Marriage Of Convenience

By: Cher Etan

Leila opened her mouth to return the greeting but it just opened and closed like she was a baby bird waiting for its mother to put a worm down its throat. Before she knew it, she had collapsed against Sheila, her whole body shaking with repressed sobs; all the time aware her mother was just down the hall. And she slept very lightly.

“Oh, baby,” Sheila said patting her on the back and sides and anywhere else she could reach. “Shhh….shhh,” she said even though Leila wasn’t technically making a sound.

Leila raised her head to stare desperately at Sheila. “It's bad,” she whispered. “It's really bad.”

Sheila stared commiseratingly at her but didn’t say a word. What was there to say after all? She just rubbed Leila’s arms and led her back into the house, closing the door behind her.

“Let’s get you in the bath,” she murmured leading Leila to her room. “Have you eaten? How about I make you a nice chicken salad?” she continued to murmur nonsense words at Leila who was clearly not paying attention anyway. She got her undressed, as she ran the bath with fragrant bath salts. Once the water was nice and hot and nearly overflowing, she led Leila into the bath and sat her down, lighting some scented candles and handing her a book.

“Now just relax and catch up on your reading. I’ll be in the kitchen making you some delish food okay?” she said soothingly as she left.

Leila lay back, reading the book cover she’d been handed; “Between Death and Heaven”, it said. Leila grimaced…not exactly what she wanted to think about right now. She opened it anyway, to see how bad it was. It began with a sex scene so maybe not as maudlin as she’d thought. She lay back in the bubbles, uncaring if her hair got wet, and lost herself in the story.


The chicken salad was great, but the company was better. She tried to make Sheila go home but she wouldn’t hear of it.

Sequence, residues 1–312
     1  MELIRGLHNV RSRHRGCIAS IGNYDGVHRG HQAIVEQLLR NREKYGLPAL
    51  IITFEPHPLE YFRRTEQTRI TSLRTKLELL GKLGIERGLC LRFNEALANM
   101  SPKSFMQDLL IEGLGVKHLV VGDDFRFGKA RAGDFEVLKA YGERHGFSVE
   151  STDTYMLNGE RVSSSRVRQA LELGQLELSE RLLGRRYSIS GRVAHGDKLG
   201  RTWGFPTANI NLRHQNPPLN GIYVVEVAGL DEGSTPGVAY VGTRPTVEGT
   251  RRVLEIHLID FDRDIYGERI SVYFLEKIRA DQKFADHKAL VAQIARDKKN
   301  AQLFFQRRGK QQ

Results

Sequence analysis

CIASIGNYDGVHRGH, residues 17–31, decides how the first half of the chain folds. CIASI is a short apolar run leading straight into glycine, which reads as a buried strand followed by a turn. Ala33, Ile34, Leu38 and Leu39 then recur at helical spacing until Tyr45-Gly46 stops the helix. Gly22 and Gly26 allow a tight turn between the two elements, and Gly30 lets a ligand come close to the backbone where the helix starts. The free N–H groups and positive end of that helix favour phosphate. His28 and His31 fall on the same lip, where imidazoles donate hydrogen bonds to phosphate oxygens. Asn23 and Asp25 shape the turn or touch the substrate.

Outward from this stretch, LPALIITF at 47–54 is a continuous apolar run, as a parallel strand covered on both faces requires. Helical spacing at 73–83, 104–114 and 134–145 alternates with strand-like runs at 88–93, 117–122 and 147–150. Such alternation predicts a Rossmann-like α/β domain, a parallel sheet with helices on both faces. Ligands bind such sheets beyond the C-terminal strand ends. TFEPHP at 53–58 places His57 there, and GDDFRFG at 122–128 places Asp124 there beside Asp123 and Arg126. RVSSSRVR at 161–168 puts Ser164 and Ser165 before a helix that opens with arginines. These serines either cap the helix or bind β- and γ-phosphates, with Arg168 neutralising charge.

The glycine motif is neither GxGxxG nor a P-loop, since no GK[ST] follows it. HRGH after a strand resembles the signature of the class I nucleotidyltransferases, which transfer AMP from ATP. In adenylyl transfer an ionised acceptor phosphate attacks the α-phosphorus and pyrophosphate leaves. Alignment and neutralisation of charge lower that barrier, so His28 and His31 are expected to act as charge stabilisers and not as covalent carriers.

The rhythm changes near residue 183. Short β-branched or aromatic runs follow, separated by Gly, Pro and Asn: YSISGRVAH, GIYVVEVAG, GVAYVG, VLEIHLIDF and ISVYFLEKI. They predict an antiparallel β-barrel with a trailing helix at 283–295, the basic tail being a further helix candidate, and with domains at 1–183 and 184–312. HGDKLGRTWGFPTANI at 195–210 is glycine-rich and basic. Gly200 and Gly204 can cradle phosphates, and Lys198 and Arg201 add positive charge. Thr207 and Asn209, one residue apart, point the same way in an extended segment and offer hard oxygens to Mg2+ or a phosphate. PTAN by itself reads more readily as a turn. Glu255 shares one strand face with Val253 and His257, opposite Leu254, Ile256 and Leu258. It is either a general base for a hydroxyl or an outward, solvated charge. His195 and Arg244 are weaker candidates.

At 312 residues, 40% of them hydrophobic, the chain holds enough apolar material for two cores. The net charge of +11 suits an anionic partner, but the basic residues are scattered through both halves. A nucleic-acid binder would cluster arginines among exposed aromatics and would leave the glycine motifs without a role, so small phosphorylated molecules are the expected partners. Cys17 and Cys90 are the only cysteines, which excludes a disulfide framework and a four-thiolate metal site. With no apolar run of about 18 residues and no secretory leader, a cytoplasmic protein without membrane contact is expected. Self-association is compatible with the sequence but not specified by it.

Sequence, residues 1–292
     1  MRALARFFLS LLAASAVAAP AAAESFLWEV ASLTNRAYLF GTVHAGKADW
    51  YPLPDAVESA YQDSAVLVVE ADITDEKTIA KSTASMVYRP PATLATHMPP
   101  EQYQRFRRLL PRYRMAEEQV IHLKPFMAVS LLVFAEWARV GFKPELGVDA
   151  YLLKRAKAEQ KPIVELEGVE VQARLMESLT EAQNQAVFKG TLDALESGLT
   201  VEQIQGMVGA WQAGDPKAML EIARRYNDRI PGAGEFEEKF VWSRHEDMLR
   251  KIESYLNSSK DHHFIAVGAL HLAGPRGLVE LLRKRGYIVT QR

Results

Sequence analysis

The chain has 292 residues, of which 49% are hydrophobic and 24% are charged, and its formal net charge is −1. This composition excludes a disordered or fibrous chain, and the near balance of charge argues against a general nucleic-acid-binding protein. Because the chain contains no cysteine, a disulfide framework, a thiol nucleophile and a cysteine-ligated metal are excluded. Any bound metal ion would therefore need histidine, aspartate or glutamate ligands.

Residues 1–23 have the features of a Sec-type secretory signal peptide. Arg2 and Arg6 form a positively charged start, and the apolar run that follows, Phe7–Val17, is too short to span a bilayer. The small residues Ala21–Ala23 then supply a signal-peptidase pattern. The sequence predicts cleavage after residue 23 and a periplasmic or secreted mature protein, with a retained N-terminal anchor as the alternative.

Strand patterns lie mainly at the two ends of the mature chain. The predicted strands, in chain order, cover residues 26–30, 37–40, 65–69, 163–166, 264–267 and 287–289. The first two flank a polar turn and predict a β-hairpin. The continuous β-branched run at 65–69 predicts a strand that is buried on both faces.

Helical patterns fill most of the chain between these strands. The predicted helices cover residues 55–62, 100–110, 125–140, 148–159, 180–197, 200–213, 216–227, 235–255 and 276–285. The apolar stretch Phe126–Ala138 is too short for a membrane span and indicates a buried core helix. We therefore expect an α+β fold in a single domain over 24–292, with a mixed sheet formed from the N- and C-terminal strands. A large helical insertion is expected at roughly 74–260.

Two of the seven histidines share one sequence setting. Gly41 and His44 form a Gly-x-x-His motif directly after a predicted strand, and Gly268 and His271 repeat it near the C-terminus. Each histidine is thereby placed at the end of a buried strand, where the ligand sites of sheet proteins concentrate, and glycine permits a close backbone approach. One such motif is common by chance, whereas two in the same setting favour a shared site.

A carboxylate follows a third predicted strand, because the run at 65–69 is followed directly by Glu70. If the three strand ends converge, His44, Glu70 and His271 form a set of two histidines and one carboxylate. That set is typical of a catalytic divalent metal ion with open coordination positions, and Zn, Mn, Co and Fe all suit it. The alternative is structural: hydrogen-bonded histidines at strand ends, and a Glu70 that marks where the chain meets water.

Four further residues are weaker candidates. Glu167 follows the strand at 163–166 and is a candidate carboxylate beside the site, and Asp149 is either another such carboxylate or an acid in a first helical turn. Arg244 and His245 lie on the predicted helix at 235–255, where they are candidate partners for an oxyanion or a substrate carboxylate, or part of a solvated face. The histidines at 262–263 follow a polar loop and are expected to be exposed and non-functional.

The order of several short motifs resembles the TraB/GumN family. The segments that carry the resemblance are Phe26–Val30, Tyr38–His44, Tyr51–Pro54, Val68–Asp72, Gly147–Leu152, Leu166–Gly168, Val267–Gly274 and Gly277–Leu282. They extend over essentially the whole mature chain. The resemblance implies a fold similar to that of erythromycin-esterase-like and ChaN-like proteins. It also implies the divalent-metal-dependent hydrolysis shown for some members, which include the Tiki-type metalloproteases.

“My first class is at like…eleven o’ clock. I got plenty of time to get home and get to class.”

“Yeah, but you don’t have to. Really.”

“Really. I know,” Sheila said with a smile, picking up Leila’s phone casually.

“Oh no you don’t! I just finished redoing my audio profile so the ringtone goes back to “Keep their heads ringing’ so you are not going to fuck that up with your fucking Shaynaynay nonsense,” Leila said snatching it back.

“Shaynaynay rocks,” Sheila protested.

“Weren’t you like two in the nineties? There’s no way you even remember the original Martin,” Leila said.

“Hey, first of all, I wasn’t two, second of all, I was a precocious child,” Sheila said.

Leila laughed which is what Sheila wanted. They watched a few episodes of the sitcom which Leila had on DVD anyway, laughing at Shaynaynay and Martin’s shenanigans before going to bed. Leila woke up almost every hour to check on her mother so by morning she was still exhausted.

“Maybe you should skip work today,” Sheila proposed bringing her coffee.

“Are you kidding me? We have this huge charity event and guess who’s the chief organizer. There is no way in hell I can miss another day of work without serious repercussions.”

“You know what your problem is Leila?” Sheila said handing her some toast.

“I’m sure you’ll tell me,” Leila’s answer was wry.

“You’re too conscientious,” Sheila said.

“Oh dear, I knew it was something serious like that. What is a girl to do about it?”

“Slack off a little bit.”

“I’ll take it under advisement.”

“There you go with the lawyer speak. You know I’m an Art Major right?”

“I know you pretend not to understand a lot of things,” Leila countered.

Sheila laughed, “Touché.”


Leila arrived at the offices of Venture-GRAD, a non-profit that gave scholarships to high school and college students as well as provided support and encouragement to ensure that as many students as possible finished college. She went straight to the conference room where she was scheduled to meet with vendors who were to participate in the charity event she was organizing. She had three days to pull everything together while worried sick about her mother, but luckily, most of the work was done.

Her assistant came hurrying toward her as she approached the conference room.

“Leila, how are you? How is your mother?”

“She’s ill Martha, do we have the RSVP’s all in?” she asked briskly, not wanting the lump to return to her throat.

“All except ten invitees have confirmed attendance. I’ll be calling up those ten today and making a final push.”

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